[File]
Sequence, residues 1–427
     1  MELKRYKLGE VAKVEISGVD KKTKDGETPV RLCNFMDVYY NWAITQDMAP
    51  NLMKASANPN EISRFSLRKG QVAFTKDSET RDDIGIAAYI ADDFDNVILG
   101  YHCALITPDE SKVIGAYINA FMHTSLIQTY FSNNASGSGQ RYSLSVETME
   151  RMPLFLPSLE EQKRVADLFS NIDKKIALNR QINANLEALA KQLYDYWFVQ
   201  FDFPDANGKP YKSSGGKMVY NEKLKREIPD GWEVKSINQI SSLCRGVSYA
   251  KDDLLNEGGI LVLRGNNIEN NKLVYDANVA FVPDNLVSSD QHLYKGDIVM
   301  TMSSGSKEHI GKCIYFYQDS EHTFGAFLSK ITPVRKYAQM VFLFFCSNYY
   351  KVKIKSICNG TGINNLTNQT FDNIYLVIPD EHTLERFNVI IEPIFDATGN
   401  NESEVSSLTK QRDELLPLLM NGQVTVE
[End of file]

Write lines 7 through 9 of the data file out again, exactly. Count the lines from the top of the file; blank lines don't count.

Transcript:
   251  KDDLLNEGGI LVLRGNNIEN NKLVYDANVA FVPDNLVSSD QHLYKGDIVM
   301  TMSSGSKEHI GKCIYFYQDS EHTFGAFLSK ITPVRKYAQM VFLFFCSNYY
   351  KVKIKSICNG TGINNLTNQT FDNIYLVIPD EHTLERFNVI IEPIFDATGN